URBANA, Ill. – Scientists are not sure why some cows develop the condition known as subacute ruminal acidosis, or SARA, but producers know it causes a number of minor symptoms that can create major problems.
“Subacute ruminal acidosis is what happens when the pH of the rumen – the large compartment of a cow’s stomach – gets too low,” said Josh McCann, assistant professor of animal sciences at the University of Illinois. “It’s not severe, but it’s lower than ideal. It’s difficult to detect. Because of that, we don’t have a great understanding of how it happens and what are the contributing factors.”
Left untreated, cows can develop inflammation, laminitis — a hoof issue related to lameness — or liver abscesses. Constantly fighting low-level ailments leaves cows with fewer resources to invest in milk or meat production. McCann said that leads to higher culling rates in dairies.
To learn what is happening in the rumen during subacute ruminal acidosis, McCann and his collaborators tried to induce the condition in dairy cows. They simulated the behavior of rapid feeders – cows that are most often affected by subacute ruminal acidosis. They fed those cows a restricted diet followed by a full feed. They measured rumen pH and sampled the microbial community before and six days after initiating the feeding treatments. Unfortunately the treatments did not always predict which cows developed subacute ruminal acidosis.
“Differences between animals on day six were observable on day one,” McCann said. “Bacteria in the phylum — Bacteroidetes and the genus Prevotella — were overrepresented in some cows on day one. Those were the ones that were going to get (subacute ruminal acidosis), regardless of what we fed them. These bacteria may be a marker for (subacute ruminal acidosis) or are actually contributing to it happening in some animals.”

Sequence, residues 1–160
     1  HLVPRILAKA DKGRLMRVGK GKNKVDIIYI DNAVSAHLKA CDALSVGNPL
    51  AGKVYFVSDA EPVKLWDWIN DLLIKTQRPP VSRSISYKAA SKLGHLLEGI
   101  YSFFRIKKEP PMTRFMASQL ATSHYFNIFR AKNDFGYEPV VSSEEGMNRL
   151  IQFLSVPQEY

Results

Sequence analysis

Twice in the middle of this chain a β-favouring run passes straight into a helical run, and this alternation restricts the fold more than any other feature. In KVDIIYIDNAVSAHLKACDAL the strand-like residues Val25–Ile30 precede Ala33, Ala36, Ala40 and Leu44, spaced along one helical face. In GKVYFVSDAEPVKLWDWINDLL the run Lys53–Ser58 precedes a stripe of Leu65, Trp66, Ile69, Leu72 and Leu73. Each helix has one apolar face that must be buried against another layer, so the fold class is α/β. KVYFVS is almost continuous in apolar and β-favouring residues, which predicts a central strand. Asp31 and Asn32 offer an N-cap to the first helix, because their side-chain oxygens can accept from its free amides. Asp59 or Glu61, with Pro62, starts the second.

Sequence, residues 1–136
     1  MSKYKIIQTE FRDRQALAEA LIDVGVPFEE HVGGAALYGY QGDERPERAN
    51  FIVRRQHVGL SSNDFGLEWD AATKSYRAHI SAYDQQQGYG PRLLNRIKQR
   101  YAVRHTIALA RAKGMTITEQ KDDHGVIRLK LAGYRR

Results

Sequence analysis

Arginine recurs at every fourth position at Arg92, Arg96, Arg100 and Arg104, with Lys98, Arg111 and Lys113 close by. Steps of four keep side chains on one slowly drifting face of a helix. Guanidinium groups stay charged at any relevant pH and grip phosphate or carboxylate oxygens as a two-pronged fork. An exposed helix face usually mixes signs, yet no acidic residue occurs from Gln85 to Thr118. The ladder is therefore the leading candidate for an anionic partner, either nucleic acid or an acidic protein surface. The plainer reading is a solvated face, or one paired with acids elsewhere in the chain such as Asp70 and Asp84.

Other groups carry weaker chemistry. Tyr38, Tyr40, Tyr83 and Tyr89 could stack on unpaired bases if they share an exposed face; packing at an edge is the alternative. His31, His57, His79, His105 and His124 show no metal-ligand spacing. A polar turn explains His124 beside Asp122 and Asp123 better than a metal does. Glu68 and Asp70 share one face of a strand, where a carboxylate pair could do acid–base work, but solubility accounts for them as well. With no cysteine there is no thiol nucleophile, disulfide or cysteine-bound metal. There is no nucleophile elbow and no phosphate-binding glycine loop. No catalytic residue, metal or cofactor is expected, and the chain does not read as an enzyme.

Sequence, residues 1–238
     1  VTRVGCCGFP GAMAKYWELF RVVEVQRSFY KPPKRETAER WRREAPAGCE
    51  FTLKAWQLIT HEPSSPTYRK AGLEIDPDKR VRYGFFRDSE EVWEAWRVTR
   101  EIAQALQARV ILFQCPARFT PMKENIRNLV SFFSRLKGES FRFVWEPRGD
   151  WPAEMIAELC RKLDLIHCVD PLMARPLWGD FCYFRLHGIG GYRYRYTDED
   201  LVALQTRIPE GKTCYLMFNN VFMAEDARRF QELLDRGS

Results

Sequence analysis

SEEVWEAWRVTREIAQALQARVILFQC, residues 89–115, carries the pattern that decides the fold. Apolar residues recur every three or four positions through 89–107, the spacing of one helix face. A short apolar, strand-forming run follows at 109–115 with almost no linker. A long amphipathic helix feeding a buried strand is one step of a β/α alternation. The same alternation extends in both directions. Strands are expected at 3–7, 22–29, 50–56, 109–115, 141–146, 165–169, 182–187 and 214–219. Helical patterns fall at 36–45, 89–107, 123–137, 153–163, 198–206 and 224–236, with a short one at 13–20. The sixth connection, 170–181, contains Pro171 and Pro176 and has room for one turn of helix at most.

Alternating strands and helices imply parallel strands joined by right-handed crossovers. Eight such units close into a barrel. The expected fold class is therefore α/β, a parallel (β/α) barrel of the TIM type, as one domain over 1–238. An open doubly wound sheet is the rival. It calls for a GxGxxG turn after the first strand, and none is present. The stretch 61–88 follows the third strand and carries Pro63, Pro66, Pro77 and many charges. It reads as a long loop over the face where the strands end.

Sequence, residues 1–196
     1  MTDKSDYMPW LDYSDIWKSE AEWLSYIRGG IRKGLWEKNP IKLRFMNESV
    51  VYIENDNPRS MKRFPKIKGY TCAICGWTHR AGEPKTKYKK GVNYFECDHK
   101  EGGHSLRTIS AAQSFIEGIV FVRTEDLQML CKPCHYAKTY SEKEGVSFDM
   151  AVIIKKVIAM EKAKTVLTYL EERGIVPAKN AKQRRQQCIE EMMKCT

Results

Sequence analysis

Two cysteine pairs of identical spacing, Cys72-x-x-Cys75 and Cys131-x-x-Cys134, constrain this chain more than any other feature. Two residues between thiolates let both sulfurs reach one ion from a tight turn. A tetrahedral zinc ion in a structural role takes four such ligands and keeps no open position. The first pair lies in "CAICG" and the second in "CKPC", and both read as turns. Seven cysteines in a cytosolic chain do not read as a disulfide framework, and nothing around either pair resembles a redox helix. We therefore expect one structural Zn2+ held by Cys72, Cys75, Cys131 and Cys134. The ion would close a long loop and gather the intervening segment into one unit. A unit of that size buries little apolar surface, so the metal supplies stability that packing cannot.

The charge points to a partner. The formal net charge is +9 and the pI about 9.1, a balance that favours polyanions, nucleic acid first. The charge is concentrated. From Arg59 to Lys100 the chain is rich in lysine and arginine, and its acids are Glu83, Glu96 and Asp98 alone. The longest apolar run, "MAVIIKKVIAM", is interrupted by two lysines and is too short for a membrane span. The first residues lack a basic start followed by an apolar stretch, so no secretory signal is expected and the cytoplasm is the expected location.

The researchers observed that the epithelium, or lining of the rumen, also changed as a result of subacute ruminal acidosis. Within 24 hours of subacute ruminal acidosis induction, they saw genetic evidence that the epithelium was responding to the challenge. The genes for proteins holding epithelial cells together were more active as compared with healthy animals.
“The epithelium is a barrier; it’s the fence that keeps bacteria out,” McCann said. “I think our data shows that the epithelium ‘sensed’ the challenging conditions and sent the defense signal to attempt to maintain barrier function. When it fails to do that in more prolonged cases of (subacute ruminal acidosis), bacteria can enter the bloodstream to cause liver abscesses or other problems.”
Liver abscesses can be treated with antibiotics, but that’s costly. McCann said the feed-lot industry loses upward of $400 million per year due to liver abscesses stemming from subacute ruminal acidosis.
The average producer is not going to test for rumen pH, microbial community or gene expression of epithelial proteins. But the research takes a step closer to better detection and possible prevention of subacute ruminal acidosis. McCann said he hopes his research team will be able to develop a relatively inexpensive blood test for the condition. He also said he thinks a key to detection and prediction lies in understanding individual feeding behavior.
“If we can identify animals that are at risk – maybe those that vary a lot in their feed intake – we can look at some nutritional measures of prevention,’ he said. “Maybe adjusting their diet, or a targeted feed additive like a probiotic.”
The article, “Induction of subacute ruminal acidosis affects the ruminal microbiome and epithelium,” is published in Frontiers in Microbiology. The work was a collaboration with other University of Illinois animal-sciences faculty, with Phil Cardoso and Juan Loor, and with Ehsan Khafipour at the University of Manitoba. The research was supported in part by the American Jersey Cattle Association Research Foundation.
By: Lauren Quinn, University of Illinois College of Agricultural, Consumer and Environmental Sciences